Iain Lempke


Spring 2020



Degree Name


Primary Advisor/Dissertation Chair

James Brickwedde,

Secondary Advisor/Reader One

Nell Hernandez


The research question addressed in this thesis was, how do students with varying levels of English proficiency respond to identified teaching strategies noted in the research literature that support them with developing a “problem-model approach” to solving mathematics word problems? It draws on the work of Hegarty et. al (1995) who defined the term “problem-model approach” as “trying to construct a mental model of the situation being described in the problem and plan their solution on the basis of this model”. It documents one teacher’s attempt to teach the Read-And-Think Math strategy as described by Nessel and Graham (2006) to seventh graders, many of whom were English Learners, who were learning from the CPM math curriculum, a Project-Based Learning (PBL) reform curriculum. Through this the teacher hoped to see the students adopt a problem-model approach to solving word problems, in further hopes that this approach would help them learn better in a PBL classroom. It utilized an Action Research methodology in which baseline data was gathered of the students’ initial problem solving approaches, achievement levels and attitudes towards solving word problems, then the intervention was taught and reinforced over ten weeks, with final data gathered and compared to the baseline data. After ten weeks, the teacher-researcher concluded that most students benefited from being taught Read-And-Think. Most students who did not already use a problem-model approach (most of whom were ELs) began using a problem-model approach more often and reported more positive feelings about solving word problems. Meanwhile, students who already favored a problem-model approach saw significant improvements in achievement and the sophistication of the mathematical tools they used while solving word problems. The only four students (out of twenty-one) who did not seem to benefit struggled to understand the meanings behind mathematical operations from the beginning, suggesting such students might benefit more from a more intensive intervention.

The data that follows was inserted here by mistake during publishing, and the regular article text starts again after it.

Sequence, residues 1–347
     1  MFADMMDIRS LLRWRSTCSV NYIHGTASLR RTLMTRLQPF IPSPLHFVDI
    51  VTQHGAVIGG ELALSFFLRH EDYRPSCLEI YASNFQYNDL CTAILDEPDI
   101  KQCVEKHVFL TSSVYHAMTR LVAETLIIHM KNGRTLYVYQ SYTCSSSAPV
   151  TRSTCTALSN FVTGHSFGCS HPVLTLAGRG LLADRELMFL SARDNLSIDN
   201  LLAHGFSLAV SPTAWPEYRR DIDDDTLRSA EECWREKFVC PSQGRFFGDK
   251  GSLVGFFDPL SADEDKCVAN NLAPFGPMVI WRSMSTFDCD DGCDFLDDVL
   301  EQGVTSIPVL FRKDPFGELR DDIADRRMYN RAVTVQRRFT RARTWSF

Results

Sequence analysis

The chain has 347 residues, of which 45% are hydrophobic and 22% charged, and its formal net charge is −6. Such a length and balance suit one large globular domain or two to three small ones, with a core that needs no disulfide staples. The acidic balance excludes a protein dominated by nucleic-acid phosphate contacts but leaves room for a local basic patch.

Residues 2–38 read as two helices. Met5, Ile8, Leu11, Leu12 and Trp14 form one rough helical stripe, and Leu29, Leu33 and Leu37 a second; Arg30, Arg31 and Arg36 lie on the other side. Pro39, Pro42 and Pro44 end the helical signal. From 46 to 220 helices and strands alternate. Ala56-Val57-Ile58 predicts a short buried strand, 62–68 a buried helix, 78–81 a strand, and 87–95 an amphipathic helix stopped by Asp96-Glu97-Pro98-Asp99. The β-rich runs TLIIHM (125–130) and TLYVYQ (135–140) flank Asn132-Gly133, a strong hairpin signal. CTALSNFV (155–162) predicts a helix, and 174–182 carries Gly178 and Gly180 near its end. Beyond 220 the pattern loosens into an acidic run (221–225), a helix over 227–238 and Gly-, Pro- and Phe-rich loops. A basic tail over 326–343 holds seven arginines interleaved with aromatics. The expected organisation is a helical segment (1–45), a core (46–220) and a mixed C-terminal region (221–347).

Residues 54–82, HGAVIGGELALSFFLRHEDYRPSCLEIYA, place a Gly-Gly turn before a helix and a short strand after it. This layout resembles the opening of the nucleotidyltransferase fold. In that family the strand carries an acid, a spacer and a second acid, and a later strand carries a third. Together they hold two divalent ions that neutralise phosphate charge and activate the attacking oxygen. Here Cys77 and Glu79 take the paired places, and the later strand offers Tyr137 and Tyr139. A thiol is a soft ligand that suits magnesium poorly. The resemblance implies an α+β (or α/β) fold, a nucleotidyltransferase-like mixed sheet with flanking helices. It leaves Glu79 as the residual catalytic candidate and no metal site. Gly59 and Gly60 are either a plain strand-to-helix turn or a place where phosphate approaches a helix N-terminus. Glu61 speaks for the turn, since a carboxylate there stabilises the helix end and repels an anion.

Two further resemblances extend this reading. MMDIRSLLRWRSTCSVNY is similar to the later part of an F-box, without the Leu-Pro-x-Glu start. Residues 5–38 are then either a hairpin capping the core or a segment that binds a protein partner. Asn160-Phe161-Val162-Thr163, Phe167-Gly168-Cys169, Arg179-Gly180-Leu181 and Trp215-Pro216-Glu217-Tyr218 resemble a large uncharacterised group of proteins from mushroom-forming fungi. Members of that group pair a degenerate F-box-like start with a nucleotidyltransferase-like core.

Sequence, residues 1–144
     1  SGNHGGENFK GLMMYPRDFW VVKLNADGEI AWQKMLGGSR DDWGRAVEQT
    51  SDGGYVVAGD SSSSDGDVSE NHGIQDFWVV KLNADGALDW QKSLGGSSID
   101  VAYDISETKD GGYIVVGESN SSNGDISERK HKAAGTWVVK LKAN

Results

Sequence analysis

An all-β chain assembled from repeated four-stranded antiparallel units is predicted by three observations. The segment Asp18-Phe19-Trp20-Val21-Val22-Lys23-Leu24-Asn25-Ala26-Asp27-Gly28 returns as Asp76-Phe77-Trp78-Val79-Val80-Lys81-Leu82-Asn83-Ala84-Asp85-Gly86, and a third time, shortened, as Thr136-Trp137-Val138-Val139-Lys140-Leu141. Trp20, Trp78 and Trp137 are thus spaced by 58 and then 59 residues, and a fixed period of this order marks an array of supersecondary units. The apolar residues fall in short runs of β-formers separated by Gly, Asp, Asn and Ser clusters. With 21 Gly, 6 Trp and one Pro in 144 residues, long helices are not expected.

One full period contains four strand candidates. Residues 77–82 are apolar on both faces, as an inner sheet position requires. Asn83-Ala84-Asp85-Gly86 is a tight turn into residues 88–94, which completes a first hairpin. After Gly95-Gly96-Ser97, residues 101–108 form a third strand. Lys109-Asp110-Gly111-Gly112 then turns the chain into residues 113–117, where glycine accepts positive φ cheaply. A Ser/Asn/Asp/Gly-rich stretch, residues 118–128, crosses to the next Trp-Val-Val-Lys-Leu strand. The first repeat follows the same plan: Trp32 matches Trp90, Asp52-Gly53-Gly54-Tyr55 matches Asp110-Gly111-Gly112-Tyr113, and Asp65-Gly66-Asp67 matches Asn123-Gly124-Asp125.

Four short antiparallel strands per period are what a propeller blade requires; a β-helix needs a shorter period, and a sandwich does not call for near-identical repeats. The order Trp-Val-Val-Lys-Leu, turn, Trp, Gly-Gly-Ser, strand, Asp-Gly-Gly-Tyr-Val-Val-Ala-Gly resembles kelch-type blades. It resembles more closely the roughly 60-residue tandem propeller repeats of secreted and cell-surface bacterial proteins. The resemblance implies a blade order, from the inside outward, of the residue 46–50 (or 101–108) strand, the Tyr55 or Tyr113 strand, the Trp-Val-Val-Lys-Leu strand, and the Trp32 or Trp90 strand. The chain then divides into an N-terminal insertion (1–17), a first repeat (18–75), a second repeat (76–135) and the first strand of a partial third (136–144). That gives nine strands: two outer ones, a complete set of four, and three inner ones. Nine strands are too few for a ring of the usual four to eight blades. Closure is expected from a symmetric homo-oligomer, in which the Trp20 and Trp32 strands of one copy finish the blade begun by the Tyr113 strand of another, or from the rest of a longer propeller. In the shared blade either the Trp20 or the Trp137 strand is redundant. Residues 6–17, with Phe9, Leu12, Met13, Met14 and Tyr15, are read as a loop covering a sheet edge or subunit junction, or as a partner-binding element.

Effective Problem Solving Habits, English Learners, Problem-Based Learning Classroom








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